Description of Registrant's Securities Pursuant to Section 12 of the Securities Exchange Act of 1934, as amended
EX-4.1 2 a201910-kexhibit41.htm EXHIBIT 4.1 Exhibit
Description of the Registrant’s Securities Registered
Under Section 12 of the Exchange Act of 1934
DESCRIPTION OF COMMON STOCK
The following summary of the material terms of the common stock of The Brink’s Company (“Brink’s,” “we,” or “our”) does not purport to be complete and is subject to and qualified in its entirety by reference to our amended and restated articles of incorporation (“Articles”) and bylaws, each of which is incorporated herein by reference and attached as an exhibit to our most recent Annual Report on Form 10-K filed with the Securities and Exchange Commission. For a more complete understanding of our Common Stock, we encourage you to read carefully our Articles and bylaws, each as may be amended, and the applicable provisions of the laws of the Commonwealth of Virginia.
We are authorized to issue up to 172,000,000 shares of capital stock, consisting of 170,000,000 shares of common stock, par value $1.00 per share (“Common Stock”), and 2,000,000 shares of preferred stock, par value $10.00 per share. No shares of our preferred stock are currently issued and outstanding.
Our board of directors is authorized to issue preferred stock without shareholder approval on such terms as our board of directors may determine, including voting, redemption, convertibility, distribution, preference on dissolution and other rights. Holders of our Common Stock will be subject to, and may be negatively affected by, the rights of any of our preferred stock that may be issued in the future.
Subject to the limitations, if any, specified with respect to any outstanding preferred stock, or any series thereof, holders of our Common Stock are entitled to receive dividends, if any, out of any funds legally available therefor, when and as declared by our board of directors.
Voting Rights of Common Stock
Each share of Common Stock is entitled to one vote in the election of directors and other matters. There is no provision for cumulative voting.
Outstanding shares of our Common Stock are validly issued, fully paid and non-assessable. Any additional Common Stock we issue will also be fully paid and non-assessable. Holders of our Common Stock are not, and will not be, subject to any liability as shareholders.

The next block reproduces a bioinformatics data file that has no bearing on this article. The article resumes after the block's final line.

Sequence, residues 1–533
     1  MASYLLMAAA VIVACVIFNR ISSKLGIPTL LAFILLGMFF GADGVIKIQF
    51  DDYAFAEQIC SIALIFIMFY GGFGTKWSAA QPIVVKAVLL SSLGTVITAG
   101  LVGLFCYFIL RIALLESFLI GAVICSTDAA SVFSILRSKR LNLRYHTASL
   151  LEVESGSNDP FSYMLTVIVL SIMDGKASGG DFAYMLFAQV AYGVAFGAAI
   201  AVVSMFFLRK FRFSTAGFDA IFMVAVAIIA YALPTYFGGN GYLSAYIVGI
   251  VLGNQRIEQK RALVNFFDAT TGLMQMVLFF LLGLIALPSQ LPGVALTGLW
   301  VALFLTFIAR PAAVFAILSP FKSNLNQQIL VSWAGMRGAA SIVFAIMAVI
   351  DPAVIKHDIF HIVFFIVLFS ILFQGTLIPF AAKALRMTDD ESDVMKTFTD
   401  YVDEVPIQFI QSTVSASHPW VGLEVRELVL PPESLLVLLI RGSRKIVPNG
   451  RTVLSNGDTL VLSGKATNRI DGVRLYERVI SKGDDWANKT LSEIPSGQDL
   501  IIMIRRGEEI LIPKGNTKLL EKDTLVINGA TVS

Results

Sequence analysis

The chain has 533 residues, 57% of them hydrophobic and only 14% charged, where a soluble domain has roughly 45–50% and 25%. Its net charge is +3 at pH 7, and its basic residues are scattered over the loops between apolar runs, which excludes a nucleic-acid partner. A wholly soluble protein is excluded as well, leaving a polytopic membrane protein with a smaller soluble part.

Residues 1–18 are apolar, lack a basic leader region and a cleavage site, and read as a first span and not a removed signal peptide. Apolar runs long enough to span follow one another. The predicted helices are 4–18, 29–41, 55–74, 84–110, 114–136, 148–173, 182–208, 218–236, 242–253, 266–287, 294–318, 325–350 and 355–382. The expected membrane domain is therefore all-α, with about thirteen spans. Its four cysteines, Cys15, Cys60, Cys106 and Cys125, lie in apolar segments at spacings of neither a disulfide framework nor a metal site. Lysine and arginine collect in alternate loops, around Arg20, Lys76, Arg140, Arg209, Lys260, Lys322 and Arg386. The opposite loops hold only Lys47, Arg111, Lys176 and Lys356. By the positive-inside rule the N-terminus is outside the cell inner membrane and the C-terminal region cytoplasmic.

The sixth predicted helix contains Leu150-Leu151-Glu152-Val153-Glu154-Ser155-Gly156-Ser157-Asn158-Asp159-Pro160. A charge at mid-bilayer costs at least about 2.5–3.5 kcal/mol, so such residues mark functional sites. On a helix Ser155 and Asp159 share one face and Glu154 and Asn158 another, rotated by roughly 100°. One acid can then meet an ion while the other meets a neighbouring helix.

Liquidation and Dissolution
Subject to the limitations, if any, specified with respect to any outstanding preferred stock, or any series thereof, in the event of any dissolution, liquidation or winding up of Brink’s, whether voluntary or involuntary, holders of our Common Stock are entitled to share ratably in our assets legally available for distribution to holders of our Common Stock.
We will notify shareholders of any shareholders’ meetings according to applicable law. No holder of Common Stock has any preemptive right to subscribe for, purchase or acquire (i) any shares of our capital stock, (ii) any securities convertible into or exchangeable for any such shares or (iii) any options, warrants or rights to subscribe for, purchase or acquire any of such shares or securities. There are no restrictions on transfer of shares of our Common Stock, except as required by law.
Our Common Stock is listed on the New York Stock Exchange under the symbol “BCO.”
Transfer Agent and Registrar
The transfer agent and registrar for our common stock is American Stock Transfer & Trust Company, LLC.
Anti-Takeover Effects of Our Articles and Bylaws
Our Articles and bylaws, as well as Virginia law, contain provisions that could delay, defer or prevent an unsolicited change in control of Brink’s, which may negatively affect the market price of our common stock or the ability of shareholders to participate in a transaction in which they might otherwise receive a premium for their shares over the then current market price. These provisions may also prevent changes in management.
We have summarized the key provisions below. You should read the actual provisions of our Articles and bylaws and the Virginia Stock Corporation Act (the “VSCA”) that relate to your individual investment strategy.
The standards of conduct for directors of Virginia corporations are listed in Section 13.1-690 of the VSCA. Directors must discharge their duties in accordance with their good faith business judgment of the best interests of the corporation. Directors may rely on the advice or acts of others, including officers, employees, attorneys, accountants and board committees if they have a good faith belief in their competence. Directors’ actions are not subject to a reasonableness or prudent person standard. Virginia’s federal and state courts have focused on the process involved with directors’ decision-making and are generally supportive of directors if they have based their decision on an informed process. These elements of Virginia law could make it more difficult to take over a Virginia corporation than corporations in other states.
Board of Directors
Members of our board of directors serve one-year terms and are elected annually. Except when a shareholder has nominated a person for election to the board of directors in compliance with the advance notice requirements contained in our bylaws and such nomination has not been withdrawn (a “contested election”), directors are elected by majority vote. In the case of a contested election, directors are elected by plurality vote. No member of the board of directors may be removed from office except for cause. If the number of votes cast to remove the director exceeds the number of votes cast in favor of his or her election, the director shall tender his or her resignation and the board of directors will decide whether to accept or reject the resignation.